He argues that providing partners with an easy to use transactional platform to order cloud services from “is just the starting point. Helping resellers modernise their marketing, by providing ready to go campaigns and customer engagement content for use across multiple communication channels, is a key component to help them acquire more customers.”

Frisby add that resellers need to be aware of the importance of “complementary services such as Billing-as-a-Service and Support-as-a-Service offerings” in helping them to move to the cloud with an efficient operational platform. He points out, for example, that “with more than 2,800 “billing counters” in Azure, which all produce a billing record every hour, it is very easy for all of the margin and more to be used up just working out each customer’s bill every month!”

Richard Lockey, UK country manager at Crayon Group, says “close collaboration” between vendors, distributors and customers is required in the move to a cloud-based service model. “Where contracts and SLAs are concerned, they need to be fully backed up with service offerings that deliver against the SLAs,” he warns. And vendors need to provide a level of flexibility where back to back agreements are needed, as different clients have varied requirements.

He adds that vendors need to be aware that making the move to a cloud-based reseller model “can cause some short term pain for the reseller, especially those that have had to invest heavily in staffing and management platforms and can no longer rely on one-off infrastructure deals to keep the cash flowing”.

Simon Skellon, UK vice president at Mitel, says the onus is on vendors to be supportive of partners in an increasingly diverse ecosystem so that they “can respond to carious customer requirements and drive growth”. As part of its proposition, the vendor provides partners “with full contract and SLA back up to guarantee high performance”. It also provides training on the company’s technology, the various software upgrades, the benefits and how they apply across different verticals.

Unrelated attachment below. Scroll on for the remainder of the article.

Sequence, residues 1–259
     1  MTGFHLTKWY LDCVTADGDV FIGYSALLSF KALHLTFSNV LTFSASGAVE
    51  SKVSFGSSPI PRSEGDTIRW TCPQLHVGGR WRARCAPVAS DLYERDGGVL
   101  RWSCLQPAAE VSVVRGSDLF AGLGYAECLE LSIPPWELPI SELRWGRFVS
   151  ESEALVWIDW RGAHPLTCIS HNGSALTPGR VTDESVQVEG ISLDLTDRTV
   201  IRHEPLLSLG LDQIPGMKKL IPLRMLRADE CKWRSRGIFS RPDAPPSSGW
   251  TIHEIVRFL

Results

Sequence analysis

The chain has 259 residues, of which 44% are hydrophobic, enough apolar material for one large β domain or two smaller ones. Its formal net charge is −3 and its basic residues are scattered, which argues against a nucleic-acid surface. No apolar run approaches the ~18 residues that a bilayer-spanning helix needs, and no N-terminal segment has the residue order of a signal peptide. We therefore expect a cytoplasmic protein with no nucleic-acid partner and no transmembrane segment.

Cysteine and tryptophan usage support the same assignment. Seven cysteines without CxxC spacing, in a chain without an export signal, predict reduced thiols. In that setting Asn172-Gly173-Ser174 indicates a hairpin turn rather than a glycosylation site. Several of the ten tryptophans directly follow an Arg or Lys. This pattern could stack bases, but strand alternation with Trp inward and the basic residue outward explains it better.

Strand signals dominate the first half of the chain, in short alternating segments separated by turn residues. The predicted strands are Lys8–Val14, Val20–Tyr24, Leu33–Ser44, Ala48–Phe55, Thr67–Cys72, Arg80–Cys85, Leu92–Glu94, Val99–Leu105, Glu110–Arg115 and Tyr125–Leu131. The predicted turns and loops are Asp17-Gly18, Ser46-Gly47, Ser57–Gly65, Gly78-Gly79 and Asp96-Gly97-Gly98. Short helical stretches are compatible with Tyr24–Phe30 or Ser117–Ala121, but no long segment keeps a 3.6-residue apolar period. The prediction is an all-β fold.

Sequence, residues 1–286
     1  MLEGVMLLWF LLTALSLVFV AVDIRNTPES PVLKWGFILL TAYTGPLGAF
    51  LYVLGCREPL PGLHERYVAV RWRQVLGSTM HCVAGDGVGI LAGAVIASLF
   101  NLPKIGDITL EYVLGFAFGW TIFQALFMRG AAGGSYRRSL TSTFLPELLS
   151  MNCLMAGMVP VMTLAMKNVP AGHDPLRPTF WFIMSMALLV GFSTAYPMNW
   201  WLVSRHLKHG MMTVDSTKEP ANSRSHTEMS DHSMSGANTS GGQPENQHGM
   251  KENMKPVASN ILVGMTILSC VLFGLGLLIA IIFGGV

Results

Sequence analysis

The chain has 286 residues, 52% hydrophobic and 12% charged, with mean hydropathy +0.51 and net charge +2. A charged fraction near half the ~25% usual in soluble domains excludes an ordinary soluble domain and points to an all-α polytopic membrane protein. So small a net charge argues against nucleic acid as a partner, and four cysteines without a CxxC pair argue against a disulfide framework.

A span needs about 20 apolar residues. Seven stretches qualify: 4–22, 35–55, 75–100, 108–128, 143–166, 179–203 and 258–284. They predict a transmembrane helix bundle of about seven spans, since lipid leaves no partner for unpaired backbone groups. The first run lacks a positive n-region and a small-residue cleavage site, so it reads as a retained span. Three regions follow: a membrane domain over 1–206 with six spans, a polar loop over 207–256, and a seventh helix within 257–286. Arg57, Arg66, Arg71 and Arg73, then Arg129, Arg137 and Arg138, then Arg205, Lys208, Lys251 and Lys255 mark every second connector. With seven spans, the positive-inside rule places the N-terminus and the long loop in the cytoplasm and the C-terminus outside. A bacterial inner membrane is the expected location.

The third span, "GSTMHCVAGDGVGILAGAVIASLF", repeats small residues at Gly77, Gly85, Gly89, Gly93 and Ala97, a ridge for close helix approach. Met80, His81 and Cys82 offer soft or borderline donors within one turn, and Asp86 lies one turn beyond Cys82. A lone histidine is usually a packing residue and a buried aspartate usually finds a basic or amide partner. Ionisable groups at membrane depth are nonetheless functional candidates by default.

By using open standards based products, partners can “easily integrate cloud services into other applications and industry standards. With Mitel Cloud solutions they can build their own bundles with partner-centric SLAs or they can offer white label products with market-based SLAs for cloud”. He adds that with budgets shrinking across the board, vendors “need to work closely with their partners and fine tune training so that they are fully equipped to respond to these changes quickly”.

Bruce Park, vice president EMEA channel & alliances at Commvault, says partners are having to define their roles in a cloud-based future. “Are they going to be a cloud builder for customers or a cloud services provider – or simply a reseller?,” he asks. Smart vendors “should be delivering service and cloud enablement programmes based on advanced curricula and certifications” that allow partners to “build even deeper expertise and practices around cloud based services through to health check services. This allows partners to enhance their value to customers by delivering business outcomes and higher margin opportunities”.

Giovanni Di Filippo, EMEA vice president channel sales at Riverbed Technology, believes vendors need to be constantly evolving their cloud enablement initiatives, “just like the cloud market itself”. They need to enable partners to cross-sell as many technologies as possible. “The more vendors offer their partners technology that integrates smoothly with other vendor product offerings, the easier it is for them,” he remarks.

“Resellers need to know how to sell cloud consulting services as well as cloud solutions,” he adds. Vendors and partners can work together to provide customer support that is proactive rather than reactive. Cloud requires “high engagement from customers and partners need to be ready to provide support at the drop of a hat if they want to avoid churn. Vendors can help with incentivised managed service and enablement programmes, comprehensive training and leading edge subscription licensing methods”.